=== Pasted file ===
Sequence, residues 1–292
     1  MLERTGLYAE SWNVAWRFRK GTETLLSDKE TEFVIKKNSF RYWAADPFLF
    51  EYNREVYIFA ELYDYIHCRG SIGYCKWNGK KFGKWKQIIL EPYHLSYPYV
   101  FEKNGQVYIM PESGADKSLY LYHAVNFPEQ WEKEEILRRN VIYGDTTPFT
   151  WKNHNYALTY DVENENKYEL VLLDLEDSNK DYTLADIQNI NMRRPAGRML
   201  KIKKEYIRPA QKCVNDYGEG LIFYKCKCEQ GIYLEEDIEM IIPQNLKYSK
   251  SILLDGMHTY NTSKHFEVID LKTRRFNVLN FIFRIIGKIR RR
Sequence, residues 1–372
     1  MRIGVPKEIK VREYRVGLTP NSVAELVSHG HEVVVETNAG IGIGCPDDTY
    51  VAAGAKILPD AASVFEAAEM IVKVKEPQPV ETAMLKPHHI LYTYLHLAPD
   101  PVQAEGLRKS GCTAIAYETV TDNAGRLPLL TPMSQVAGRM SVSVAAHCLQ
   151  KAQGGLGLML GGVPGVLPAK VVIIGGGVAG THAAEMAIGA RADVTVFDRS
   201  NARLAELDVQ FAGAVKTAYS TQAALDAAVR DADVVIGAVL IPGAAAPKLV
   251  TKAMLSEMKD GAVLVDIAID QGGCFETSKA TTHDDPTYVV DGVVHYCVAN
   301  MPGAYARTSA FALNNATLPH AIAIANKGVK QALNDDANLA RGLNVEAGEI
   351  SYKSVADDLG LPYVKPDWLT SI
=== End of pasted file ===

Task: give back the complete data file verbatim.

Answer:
Sequence, residues 1–292
     1  MLERTGLYAE SWNVAWRFRK GTETLLSDKE TEFVIKKNSF RYWAADPFLF
    51  EYNREVYIFA ELYDYIHCRG SIGYCKWNGK KFGKWKQIIL EPYHLSYPYV
   101  FEKNGQVYIM PESGADKSLY LYHAVNFPEQ WEKEEILRRN VIYGDTTPFT
   151  WKNHNYALTY DVENENKYEL VLLDLEDSNK DYTLADIQNI NMRRPAGRML
   201  KIKKEYIRPA QKCVNDYGEG LIFYKCKCEQ GIYLEEDIEM IIPQNLKYSK
   251  SILLDGMHTY NTSKHFEVID LKTRRFNVLN FIFRIIGKIR RR
Sequence, residues 1–372
     1  MRIGVPKEIK VREYRVGLTP NSVAELVSHG HEVVVETNAG IGIGCPDDTY
    51  VAAGAKILPD AASVFEAAEM IVKVKEPQPV ETAMLKPHHI LYTYLHLAPD
   101  PVQAEGLRKS GCTAIAYETV TDNAGRLPLL TPMSQVAGRM SVSVAAHCLQ
   151  KAQGGLGLML GGVPGVLPAK VVIIGGGVAG THAAEMAIGA RADVTVFDRS
   201  NARLAELDVQ FAGAVKTAYS TQAALDAAVR DADVVIGAVL IPGAAAPKLV
   251  TKAMLSEMKD GAVLVDIAID QGGCFETSKA TTHDDPTYVV DGVVHYCVAN
   301  MPGAYARTSA FALNNATLPH AIAIANKGVK QALNDDANLA RGLNVEAGEI
   351  SYKSVADDLG LPYVKPDWLT SI